* Spizella: Small to medium-sized sparrows with high rounded crown, short conical bill and fairy long notched tail. These are fairly conspicuous sparrows that often feed in flocks on the ground. When disturbed they tend to fly up to higher vegetation and look around. They include Chipping, American Tree, Clay-colored, Brewer's, Field, and Black-chinned Sparrows.

In addition to the above, look for this different sparrow at your feeders,
Fox Sparrow, Passerella iliaca. These are large beautiful sparrows that can be seen in fall and winter at feeders.

Our big book, The Stokes Field Guide to The Birds Of North American is now available for your convenience in two regional guides that are lighter and more portable. The New Stokes Field Guide to Birds: Eastern and Western Regions recently came out and can be bought at barnesandnoble.com and your local bookseller. Get them for they contain multiple photos of each species of sparrow and will help you with identifying and and enjoying your sparrows more.
Our brand new guide that was just published yesterday is The Stokes Essential Pocket Guide to the Birds of North America, contains over 580 stunning photos, covers 250 species, and can fit in your pocket!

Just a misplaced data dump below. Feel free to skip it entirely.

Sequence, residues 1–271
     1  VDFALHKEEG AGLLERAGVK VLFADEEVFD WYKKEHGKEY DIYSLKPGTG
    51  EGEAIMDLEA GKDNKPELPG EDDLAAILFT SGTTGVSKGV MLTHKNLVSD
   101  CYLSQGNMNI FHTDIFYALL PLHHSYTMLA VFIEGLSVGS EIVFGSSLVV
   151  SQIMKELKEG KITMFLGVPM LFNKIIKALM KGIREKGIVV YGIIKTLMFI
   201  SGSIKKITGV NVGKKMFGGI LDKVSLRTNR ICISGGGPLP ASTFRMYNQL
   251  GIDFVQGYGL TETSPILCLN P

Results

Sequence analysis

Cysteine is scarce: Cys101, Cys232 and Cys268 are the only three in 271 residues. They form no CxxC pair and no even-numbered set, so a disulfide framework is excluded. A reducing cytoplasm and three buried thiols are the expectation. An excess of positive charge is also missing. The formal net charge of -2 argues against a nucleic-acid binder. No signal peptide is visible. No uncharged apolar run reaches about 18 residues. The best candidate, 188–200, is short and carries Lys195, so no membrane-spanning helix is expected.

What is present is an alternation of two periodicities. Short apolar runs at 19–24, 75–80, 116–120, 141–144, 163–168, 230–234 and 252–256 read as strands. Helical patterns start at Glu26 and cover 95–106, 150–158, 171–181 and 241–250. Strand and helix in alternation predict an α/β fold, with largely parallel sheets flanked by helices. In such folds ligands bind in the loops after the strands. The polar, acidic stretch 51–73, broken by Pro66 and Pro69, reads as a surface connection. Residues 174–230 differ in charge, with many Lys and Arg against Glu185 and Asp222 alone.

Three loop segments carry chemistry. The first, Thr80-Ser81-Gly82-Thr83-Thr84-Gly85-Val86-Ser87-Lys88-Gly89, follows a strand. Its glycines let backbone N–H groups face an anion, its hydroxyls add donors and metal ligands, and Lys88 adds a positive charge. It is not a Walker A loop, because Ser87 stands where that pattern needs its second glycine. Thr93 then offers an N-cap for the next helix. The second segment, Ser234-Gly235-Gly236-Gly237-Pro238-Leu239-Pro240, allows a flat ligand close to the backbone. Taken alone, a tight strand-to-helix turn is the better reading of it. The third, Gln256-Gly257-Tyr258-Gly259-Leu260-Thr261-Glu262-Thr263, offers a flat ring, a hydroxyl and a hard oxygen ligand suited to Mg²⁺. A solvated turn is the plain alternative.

Tuesday, October 02, 2018

Rare Rufous Hummingbird in New England!

Rufous Hummingbird, seen at a feeder in NH.

Note the notch in the outer edge of the tail feather closest to the central tail feathers (called r2). This clue can help distinguish juvenile and female Rufous Hummingbirds from female and juvenile Allen's Hummingbirds. In this case there is a noticeable notch. Note also the two central tail feathers have extensive rufous with greenish tips.

Here is another view of the tail. The bird was also coming to a planter of impatiens flowers on the deck.

The throat is heavily marked with dark streaks and several lower central orange-reddish feathers.


Some of the head feathers have buffy edges.

In bright light the mirror-like central throat feathers look almost copper colored.

Here is (left to right) Don, birder Kathy who came with her birder/photographer husband, Steve, who took this photo, gracious hosts Stu and Mary who had this wonderful hummingbird coming to their deck feeder, and me.
The following account is from Oct. 2, 2015 but a rare hummingbird like this could show up anytime this fall so be on the lookout.